The Magnificent Passion Flower - Queen of the Climbers

The Magnificent Passion Flower - Queen of the Climbers

We are delighted to, in conjunction with a local nursery, be able to bring you a very special Gardeners' Club Card Exclusive this month.
The glorious blue passion flower, which retails for £14.99. is available in--store for just £8.99 to Club Card holders. So what is so special about this Queen amongst climbers and why is it so named?

Read on, and Chris Whitelock - our Resident Garden Expert, will explain.

The blue passion flower or Passifora caerulea is a spectacular plant that deserves a warm, sunny wall which it will grace with a long flowering display in summer. It is fast growing,and its tendrils will attach readily to wire or trellis supports. The flowers are quite remarkable and are followed by orange egg shaped fruits. The fruits are edible but not very tasty and should not be confused with passion fruits sold in supermarkets.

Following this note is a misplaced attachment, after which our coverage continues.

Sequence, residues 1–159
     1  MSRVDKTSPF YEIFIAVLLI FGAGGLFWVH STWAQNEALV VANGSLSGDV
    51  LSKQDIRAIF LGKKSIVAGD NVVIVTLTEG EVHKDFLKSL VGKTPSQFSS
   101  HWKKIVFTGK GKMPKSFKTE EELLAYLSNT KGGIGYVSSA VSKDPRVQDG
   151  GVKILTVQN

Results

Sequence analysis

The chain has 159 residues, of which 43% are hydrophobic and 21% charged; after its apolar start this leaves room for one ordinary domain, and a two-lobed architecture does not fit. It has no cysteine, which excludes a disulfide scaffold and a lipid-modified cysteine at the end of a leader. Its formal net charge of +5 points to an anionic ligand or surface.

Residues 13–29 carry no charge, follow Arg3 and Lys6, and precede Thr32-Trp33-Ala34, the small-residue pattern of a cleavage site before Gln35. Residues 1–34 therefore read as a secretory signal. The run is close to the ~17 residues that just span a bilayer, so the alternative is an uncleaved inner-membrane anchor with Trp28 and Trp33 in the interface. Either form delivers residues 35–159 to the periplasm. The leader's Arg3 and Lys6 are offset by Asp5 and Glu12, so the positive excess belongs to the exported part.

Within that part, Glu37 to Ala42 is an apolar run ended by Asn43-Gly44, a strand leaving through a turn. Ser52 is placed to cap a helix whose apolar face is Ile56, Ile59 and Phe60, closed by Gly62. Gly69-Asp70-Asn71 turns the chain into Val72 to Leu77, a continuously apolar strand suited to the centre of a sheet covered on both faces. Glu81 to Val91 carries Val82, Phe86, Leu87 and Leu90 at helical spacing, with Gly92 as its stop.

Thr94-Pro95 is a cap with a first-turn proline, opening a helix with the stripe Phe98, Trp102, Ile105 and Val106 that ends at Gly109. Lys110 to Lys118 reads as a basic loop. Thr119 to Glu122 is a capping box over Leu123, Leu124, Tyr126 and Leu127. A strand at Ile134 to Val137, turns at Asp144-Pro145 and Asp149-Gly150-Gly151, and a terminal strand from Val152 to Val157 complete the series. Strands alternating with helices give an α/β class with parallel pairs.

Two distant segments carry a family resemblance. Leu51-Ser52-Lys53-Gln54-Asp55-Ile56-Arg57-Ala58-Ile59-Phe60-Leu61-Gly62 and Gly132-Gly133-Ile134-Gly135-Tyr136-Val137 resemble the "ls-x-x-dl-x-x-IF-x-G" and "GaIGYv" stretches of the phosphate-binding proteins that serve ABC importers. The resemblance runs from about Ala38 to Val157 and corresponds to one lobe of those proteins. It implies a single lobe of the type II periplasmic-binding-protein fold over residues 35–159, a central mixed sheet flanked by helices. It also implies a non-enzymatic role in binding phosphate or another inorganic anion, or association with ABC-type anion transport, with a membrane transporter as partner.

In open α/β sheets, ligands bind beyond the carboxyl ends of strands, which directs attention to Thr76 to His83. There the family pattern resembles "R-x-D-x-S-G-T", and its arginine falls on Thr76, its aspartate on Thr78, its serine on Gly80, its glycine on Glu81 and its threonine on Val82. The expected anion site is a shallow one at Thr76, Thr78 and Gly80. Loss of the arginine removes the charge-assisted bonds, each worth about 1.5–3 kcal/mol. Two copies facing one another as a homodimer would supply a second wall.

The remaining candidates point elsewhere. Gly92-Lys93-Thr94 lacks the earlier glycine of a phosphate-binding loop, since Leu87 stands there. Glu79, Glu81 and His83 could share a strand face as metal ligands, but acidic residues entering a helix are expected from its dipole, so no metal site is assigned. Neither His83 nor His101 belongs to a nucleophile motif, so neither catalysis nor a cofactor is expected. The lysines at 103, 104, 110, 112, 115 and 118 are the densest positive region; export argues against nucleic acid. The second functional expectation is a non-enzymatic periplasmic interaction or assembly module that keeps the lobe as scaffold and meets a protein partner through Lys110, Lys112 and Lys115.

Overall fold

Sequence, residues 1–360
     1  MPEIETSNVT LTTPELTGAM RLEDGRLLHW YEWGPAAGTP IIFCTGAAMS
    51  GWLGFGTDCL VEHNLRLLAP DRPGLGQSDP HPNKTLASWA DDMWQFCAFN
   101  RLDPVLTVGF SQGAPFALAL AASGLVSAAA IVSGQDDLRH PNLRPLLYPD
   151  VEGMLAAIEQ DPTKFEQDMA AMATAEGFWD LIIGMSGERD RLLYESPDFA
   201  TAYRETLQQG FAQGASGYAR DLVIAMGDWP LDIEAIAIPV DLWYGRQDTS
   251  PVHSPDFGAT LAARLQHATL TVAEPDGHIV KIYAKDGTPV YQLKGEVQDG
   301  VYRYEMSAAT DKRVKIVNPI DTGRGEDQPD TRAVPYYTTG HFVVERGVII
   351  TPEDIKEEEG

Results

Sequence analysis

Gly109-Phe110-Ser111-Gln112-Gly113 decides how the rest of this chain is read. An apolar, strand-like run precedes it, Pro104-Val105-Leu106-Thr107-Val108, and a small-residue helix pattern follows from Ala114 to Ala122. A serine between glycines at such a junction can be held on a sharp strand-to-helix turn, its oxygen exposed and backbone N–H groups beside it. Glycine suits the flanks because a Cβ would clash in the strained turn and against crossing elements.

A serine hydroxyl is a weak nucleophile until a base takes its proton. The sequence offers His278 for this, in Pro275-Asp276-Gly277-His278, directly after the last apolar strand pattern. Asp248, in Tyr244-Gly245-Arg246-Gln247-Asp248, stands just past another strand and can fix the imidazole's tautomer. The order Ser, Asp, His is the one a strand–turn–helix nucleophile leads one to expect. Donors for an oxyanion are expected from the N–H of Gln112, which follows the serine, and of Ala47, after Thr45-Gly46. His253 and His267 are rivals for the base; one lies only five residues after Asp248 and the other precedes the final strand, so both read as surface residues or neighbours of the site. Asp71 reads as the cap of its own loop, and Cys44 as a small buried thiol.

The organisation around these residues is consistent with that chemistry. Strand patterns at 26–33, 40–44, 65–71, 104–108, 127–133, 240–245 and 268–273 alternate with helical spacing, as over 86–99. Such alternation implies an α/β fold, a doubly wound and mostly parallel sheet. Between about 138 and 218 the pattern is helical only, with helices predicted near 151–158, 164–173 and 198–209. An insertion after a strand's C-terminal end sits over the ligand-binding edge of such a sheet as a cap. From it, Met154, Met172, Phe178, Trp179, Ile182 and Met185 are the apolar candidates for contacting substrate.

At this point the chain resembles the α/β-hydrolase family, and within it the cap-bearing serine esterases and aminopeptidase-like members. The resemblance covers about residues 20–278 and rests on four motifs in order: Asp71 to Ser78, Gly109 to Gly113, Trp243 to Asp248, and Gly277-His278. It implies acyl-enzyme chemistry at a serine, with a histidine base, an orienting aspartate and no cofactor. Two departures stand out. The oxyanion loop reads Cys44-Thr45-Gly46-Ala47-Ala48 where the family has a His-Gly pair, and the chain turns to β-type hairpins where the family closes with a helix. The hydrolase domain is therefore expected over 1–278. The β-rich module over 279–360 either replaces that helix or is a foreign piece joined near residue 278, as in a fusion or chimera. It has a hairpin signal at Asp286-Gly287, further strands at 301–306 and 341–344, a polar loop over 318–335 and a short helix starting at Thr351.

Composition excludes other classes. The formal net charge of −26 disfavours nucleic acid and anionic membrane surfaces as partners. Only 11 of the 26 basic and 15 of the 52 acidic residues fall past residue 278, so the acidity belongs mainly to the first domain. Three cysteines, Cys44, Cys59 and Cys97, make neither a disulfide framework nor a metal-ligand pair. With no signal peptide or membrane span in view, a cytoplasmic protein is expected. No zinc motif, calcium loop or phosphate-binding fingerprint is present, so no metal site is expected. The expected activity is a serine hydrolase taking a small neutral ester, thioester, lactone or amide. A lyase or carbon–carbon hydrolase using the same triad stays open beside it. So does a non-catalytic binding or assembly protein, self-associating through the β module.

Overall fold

Planted now, a passion flower will soon start producing its exotic blooms until cold weather brings the floral display to and end in autumn. Do not prune the plants until spring. The plant will usually have some winter weather damage but leaving the growth unpruned will help to protect the plant.

In spring, remove all weather damaged growth and the plant will soon recover putting on strong growth. The plant is relatively pest and disease free and requires little watering once established apart from the occasional drink in periods of drought. A liquid feed with a high Potassium fertiliser such as tomato food will promote flowering and winter hardiness. 

The etymology of the blue passion flower relates to its use by Spanish missionaries as a symbol for the passion (suffering) of Christ. The five petals and five sepals are the ten faithful disciples less Judas & Peter. The corona filaments are the crown of thorns. The five stamenswith anthers match the five wounds & the three stigmata, the three nails used in the crucifixion.